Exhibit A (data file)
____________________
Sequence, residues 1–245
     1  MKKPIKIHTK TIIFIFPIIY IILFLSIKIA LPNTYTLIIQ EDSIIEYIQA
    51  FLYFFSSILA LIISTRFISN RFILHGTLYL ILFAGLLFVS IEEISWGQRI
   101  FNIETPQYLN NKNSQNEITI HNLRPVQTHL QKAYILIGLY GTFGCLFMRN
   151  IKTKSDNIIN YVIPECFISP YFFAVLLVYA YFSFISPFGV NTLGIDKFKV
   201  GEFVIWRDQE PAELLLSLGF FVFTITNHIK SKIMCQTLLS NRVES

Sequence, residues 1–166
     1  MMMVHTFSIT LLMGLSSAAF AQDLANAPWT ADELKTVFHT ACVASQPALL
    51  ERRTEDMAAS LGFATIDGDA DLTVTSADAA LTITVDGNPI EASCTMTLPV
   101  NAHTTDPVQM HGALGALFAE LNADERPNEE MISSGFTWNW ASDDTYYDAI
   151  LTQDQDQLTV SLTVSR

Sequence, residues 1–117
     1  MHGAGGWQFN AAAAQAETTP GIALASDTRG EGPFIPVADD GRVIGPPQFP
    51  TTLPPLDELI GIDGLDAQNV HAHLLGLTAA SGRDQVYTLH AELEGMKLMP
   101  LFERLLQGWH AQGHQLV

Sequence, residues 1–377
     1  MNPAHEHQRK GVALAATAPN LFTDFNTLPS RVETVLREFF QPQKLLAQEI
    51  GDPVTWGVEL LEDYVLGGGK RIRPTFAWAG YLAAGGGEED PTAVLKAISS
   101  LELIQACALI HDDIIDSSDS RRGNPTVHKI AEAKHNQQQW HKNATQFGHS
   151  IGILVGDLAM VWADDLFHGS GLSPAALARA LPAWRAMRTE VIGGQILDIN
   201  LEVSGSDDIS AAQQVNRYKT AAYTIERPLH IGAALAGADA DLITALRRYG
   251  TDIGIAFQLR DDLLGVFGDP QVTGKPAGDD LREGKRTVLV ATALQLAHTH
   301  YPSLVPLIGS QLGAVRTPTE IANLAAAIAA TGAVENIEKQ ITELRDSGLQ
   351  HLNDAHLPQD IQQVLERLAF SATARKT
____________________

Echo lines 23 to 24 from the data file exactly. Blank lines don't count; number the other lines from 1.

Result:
   301  YPSLVPLIGS QLGAVRTPTE IANLAAAIAA TGAVENIEKQ ITELRDSGLQ
   351  HLNDAHLPQD IQQVLERLAF SATARKT